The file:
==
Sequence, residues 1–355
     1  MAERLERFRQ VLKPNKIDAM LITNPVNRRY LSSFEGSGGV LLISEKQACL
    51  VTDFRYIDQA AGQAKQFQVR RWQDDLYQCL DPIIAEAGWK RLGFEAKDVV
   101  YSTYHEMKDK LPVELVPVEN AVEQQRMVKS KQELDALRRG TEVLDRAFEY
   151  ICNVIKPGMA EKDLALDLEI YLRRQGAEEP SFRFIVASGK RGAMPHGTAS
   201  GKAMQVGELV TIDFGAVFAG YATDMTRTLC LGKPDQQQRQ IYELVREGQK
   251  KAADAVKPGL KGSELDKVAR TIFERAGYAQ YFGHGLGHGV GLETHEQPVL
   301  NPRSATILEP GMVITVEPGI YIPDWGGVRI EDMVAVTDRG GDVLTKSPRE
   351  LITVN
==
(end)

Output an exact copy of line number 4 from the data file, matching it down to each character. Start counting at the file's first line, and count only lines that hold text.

   101  YSTYHEMKDK LPVELVPVEN AVEQQRMVKS KQELDALRRG TEVLDRAFEY